Many of these international marketplaces are keen to attract sellers from outside their own country because it helps them broaden their product choice for consumers. Such is the scope and choice in international marketplaces that it’s impossible to give specific advice on where to start. They have numerous selling models, means of fulfilment and pricing structures. For many, just like with Amazon, you’ll need to apply to sell and get approval.
Service providers for international merchants
Part of finding success as an international online retailer is harnessing the help that’s available out there to create an effective selling machine. Nobody has all the experience and skills necessary to manage a business that’s selling to multiple countries, dealing in various currencies and conversing in numerous languages. But for every problem, there’s a solution.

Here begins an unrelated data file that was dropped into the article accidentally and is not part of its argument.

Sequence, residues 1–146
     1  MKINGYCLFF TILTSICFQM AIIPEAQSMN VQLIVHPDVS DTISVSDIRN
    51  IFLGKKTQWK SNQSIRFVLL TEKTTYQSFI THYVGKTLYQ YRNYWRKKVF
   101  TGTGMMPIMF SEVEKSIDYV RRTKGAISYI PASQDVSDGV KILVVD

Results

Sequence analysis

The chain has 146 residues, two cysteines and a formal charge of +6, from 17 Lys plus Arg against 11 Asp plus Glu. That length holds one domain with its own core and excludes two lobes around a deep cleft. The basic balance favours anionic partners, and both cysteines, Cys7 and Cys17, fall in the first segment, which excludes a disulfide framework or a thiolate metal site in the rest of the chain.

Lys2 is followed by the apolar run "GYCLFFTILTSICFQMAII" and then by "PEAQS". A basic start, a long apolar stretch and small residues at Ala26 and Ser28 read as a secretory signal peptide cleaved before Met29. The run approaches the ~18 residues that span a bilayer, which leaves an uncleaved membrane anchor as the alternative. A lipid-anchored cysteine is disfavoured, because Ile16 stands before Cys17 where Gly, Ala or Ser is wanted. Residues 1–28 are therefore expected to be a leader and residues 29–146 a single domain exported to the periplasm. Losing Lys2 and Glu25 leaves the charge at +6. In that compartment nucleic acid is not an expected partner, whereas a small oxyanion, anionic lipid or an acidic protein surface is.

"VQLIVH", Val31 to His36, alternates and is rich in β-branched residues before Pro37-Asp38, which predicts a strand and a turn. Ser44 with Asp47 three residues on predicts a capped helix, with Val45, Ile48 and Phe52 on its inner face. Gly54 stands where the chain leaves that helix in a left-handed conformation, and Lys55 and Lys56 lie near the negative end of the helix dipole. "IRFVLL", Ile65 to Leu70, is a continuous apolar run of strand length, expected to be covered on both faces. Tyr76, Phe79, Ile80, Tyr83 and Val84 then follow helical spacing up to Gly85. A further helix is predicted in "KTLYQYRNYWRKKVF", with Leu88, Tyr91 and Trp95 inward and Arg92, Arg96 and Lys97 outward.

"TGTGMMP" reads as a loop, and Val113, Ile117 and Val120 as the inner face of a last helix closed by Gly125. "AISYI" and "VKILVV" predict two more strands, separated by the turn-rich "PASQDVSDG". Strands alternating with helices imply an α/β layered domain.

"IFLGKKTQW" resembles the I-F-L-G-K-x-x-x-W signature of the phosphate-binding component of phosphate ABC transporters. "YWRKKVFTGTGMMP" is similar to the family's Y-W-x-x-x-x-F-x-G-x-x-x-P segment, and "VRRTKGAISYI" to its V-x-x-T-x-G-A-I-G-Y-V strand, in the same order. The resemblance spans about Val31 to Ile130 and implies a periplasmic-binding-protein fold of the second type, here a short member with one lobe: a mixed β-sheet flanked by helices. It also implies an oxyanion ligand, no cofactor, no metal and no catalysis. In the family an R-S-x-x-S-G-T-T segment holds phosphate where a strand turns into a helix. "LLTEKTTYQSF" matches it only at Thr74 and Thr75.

The marketplaces do provide expertise and help. And reputable multichannel software provider will often prove to be valuable source of advice regarding essential services to grease the wheel of international trade. Attending events for ecommerce merchants can also be a very useful way of getting the latest information in what’s an ever changing ecosystem. Obviously here at Tamebay we like to share information about interesting and reputable international providers but the best sources of information are the merchants already selling successfully. Where possible, try and tap up the experts doing it already to get the best knowledge.
Here are some of the available services as you trade:
International shipping, fulfilment and returns
One of the biggest concerns when trading internationally will be fulfilling your orders. Most reputable courier firms and carriers offer international tariffs and those which you choose to go with will depend on what you’re selling and what you want in the way of insurance and protection. International shipping rates vary but it’s still possible to find carriers for heavy and oversized items to almost anywhere in the world.
Often in these cases a shipping broker, a service that aggregates the multiple different services available, is a good option because they will be able o advise on the various and often changing rates and services available from a whole host of providers.